Chris Wetherell SAN FRANCISCO, CA—In the US District Court for Northern California this morning, federal Judge Susan Illston heard arguments from Consumer Watchdog, a nonprofit consumer group which filed an amicus brief questioning the FTC’s recent settlement with Google over cookies implanted on Safari browsers without consumers’ knowledge. In August, the Commission settled with Google for $22.5 million—the largest FTC settlement for any company so far. But Consumer Watchdog says that settlement wasn’t enough, and Google must admit guilt and be ordered to expunge the data it collected from Safari users during the period in question. In a memorandum posted prior to the hearing this morning, Consumer Watchdog suggested that a suitable penalty for Google’s improper tracking would be an astronomical $3 billion. “An independent analyst, using the most conservative assumptions possible, estimated the statutory penalty at $8 billion,” the memorandum also read. The absurdly high numbers were not mentioned at all in today’s hearing. The hearing was brief and the judge seemed skeptical toward Consumer Watchdog’s opposition to the proposed order.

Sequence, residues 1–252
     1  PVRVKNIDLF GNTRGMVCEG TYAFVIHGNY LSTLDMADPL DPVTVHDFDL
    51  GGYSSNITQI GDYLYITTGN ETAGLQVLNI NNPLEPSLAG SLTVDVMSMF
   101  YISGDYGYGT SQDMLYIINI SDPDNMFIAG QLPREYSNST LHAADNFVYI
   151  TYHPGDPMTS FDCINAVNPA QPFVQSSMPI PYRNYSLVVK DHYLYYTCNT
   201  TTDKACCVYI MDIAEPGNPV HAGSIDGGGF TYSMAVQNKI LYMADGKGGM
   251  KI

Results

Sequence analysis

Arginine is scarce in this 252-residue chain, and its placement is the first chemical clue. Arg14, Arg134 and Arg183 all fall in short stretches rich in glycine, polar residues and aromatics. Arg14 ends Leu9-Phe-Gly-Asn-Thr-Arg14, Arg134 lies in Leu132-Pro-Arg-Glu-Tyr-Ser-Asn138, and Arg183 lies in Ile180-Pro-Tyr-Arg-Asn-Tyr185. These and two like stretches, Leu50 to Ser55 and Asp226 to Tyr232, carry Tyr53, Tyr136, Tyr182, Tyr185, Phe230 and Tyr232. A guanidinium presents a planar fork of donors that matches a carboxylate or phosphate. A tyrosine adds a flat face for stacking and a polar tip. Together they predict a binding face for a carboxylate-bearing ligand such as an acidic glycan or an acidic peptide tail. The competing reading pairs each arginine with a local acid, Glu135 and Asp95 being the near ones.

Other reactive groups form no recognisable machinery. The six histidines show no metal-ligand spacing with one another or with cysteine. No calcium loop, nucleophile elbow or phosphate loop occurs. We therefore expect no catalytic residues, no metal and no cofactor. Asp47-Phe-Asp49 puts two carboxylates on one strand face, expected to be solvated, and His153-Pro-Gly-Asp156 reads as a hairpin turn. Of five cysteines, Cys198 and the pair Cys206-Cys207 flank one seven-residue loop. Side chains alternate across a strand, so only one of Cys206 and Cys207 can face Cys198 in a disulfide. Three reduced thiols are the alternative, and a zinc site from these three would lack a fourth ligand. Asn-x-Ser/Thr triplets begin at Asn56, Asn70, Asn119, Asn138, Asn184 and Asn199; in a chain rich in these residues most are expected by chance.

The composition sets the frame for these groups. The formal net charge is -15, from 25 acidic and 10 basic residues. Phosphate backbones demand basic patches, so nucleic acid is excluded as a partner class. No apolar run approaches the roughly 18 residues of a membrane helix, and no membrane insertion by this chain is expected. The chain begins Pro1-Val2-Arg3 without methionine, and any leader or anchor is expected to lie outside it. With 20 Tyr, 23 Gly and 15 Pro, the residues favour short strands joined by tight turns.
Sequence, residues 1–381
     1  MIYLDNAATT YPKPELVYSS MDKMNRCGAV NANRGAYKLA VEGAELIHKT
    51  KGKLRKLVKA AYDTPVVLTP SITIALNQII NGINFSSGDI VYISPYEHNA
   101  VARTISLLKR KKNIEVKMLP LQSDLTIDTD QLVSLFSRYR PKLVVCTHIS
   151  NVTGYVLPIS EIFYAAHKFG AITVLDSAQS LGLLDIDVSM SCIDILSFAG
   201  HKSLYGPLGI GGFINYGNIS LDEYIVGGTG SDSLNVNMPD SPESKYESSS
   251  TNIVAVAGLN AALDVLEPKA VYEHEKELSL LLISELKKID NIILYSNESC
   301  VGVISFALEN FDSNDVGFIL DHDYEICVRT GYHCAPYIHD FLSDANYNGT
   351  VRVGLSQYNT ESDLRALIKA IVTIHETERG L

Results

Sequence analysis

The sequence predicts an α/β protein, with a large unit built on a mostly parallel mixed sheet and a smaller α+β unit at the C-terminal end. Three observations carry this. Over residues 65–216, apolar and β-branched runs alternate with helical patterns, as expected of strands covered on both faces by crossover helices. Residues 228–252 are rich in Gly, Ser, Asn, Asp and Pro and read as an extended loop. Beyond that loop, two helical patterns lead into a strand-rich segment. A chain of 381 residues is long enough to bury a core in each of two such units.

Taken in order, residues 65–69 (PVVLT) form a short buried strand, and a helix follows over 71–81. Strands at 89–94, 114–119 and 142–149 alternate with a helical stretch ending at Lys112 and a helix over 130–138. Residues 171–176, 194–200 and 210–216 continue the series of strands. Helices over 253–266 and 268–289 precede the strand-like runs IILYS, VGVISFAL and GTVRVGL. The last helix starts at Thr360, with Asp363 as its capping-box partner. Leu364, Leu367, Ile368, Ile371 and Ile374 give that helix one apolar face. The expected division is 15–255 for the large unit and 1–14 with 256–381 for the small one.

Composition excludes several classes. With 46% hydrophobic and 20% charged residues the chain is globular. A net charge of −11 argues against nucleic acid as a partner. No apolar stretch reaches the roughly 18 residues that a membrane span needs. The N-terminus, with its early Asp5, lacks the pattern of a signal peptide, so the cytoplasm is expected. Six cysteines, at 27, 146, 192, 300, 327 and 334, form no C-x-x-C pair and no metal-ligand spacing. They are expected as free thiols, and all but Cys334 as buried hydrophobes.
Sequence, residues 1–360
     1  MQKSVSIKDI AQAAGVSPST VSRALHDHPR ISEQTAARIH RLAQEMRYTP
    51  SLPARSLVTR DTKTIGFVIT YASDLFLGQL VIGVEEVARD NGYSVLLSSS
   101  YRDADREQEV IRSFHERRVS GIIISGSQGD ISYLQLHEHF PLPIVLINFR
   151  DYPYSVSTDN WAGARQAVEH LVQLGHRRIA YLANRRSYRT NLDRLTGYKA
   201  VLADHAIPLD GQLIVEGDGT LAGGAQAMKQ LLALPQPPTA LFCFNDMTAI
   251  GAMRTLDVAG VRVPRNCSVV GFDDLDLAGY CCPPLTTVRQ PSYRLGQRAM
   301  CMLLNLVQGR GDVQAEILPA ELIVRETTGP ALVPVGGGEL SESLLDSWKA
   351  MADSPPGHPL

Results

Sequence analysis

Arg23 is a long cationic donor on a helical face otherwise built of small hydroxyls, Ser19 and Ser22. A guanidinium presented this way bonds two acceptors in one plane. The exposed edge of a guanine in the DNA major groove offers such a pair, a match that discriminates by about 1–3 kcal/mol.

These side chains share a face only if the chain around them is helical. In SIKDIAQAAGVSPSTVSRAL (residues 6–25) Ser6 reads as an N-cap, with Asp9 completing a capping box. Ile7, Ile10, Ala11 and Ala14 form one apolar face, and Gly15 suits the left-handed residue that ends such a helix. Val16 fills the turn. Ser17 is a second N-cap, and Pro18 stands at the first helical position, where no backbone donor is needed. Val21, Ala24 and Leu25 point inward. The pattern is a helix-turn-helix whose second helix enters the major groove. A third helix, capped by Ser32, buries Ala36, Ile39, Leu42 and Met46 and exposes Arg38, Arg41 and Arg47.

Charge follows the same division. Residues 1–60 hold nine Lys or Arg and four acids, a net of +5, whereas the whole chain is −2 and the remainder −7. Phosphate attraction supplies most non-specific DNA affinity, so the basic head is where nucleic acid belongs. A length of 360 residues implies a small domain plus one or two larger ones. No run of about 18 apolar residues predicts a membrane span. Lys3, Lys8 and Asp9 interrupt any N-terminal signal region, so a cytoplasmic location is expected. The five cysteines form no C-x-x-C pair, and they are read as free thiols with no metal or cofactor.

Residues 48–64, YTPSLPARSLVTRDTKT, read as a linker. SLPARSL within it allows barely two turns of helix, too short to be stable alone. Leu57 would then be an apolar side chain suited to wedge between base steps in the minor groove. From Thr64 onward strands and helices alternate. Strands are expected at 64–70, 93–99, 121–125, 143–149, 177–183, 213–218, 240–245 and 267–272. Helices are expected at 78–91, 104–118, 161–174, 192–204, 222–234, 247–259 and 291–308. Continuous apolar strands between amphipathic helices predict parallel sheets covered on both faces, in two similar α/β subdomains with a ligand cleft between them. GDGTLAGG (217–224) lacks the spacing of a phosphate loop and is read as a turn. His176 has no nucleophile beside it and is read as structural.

View original post here:
Judge looks askance at objections to FTC-Google Safari cookie settlement